Tuesday, July 17, 2012

Does the end justify the means?

My family enjoyed watching The Conspirator, directed by Robert Redford. It recounts assassination of Abraham Lincoln, and the following military trial of Mary Surratt, accused as a co-conspirator of the plot.

The movie highlights how she did not receive a fair trial, being assumed to be guilty, and was a victim of political expediency. The Secretary of War rationalises her treatment by claiming the "greater good" of "preserving the Union." The end justifies the means.

There is debate about the extent to which Redford was trying to draw parallels to the  treatment of inmates of Guantanamo Bay by the US government. Here is an extract from one review:
In The Conspirator, Redford goes back to one of the only events in American history that tore at the country’s identity as violently as 9/11 did. And he demonstrates that what happened back then, during the trial of Mary Surratt, amounted to the squashing of rights, the twisting of protocol, the suspension of justice for “the sake of the nation.” Edwin Stanton, played by Kevin Kline, was the Secretary of War under Lincoln, and he makes the argument for why Mary must be found guilty (even though she is, at least in the movie, innocent). He becomes the film’s version of Dick Cheney, taking the low road of force over constitutional safeguard. And Aiken, the last-honest-man hero (played by McAvoy with a lively glint of moral passion), realizes that if he doesn’t fight this bureaucratic railroading, he’s colluding in the destruction of the American system, the American way. The movie’s message is: In America, the ends do not — cannot — justify the means. That, the film says, is the meaning of America. Redford clearly intends this message as a commentary on all the legally dicey things that have gone on in the aftermath of 9/11: the detaining of terrorist suspects, with little or no evidence, and with no representation or deadline, in the prison at Guantánamo; the underground use of torture techniques that violate articles of the Geneva Convention; the willingness to suspend the law for the sake of an anti-terror, we-fight-fire-with-fire absolutism.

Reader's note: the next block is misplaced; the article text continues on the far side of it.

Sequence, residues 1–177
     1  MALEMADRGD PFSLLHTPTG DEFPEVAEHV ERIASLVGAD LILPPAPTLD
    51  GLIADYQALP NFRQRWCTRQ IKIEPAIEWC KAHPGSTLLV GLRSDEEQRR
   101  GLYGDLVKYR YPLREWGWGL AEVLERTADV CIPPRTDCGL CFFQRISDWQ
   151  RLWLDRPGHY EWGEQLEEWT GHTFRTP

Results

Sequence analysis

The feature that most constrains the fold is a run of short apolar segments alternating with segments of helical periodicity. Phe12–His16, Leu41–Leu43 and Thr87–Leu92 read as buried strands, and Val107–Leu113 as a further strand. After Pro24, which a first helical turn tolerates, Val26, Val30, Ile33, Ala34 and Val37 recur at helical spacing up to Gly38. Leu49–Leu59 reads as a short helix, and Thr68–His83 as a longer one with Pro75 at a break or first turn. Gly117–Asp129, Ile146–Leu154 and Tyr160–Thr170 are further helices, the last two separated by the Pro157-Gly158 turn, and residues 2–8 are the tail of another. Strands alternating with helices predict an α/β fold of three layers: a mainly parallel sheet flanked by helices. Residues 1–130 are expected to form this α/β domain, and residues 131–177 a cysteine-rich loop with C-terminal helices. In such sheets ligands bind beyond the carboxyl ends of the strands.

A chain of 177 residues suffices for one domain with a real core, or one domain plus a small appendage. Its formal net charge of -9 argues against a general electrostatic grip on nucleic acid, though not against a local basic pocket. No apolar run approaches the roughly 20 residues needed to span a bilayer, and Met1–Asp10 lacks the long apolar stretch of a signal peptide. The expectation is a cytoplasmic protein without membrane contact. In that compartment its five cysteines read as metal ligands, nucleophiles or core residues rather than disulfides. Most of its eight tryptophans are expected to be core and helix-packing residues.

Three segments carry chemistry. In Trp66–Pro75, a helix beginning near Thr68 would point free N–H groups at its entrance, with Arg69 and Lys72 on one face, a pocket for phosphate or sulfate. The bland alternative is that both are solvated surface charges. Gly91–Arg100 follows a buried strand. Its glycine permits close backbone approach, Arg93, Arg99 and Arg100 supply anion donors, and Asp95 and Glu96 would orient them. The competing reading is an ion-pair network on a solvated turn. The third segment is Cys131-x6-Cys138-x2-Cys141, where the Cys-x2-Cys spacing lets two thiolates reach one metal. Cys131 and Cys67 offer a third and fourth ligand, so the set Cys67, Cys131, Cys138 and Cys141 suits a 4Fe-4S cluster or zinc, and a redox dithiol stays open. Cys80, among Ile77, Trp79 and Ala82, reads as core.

There is also a nice review in The New Yorker, focussing more on the cinematography.

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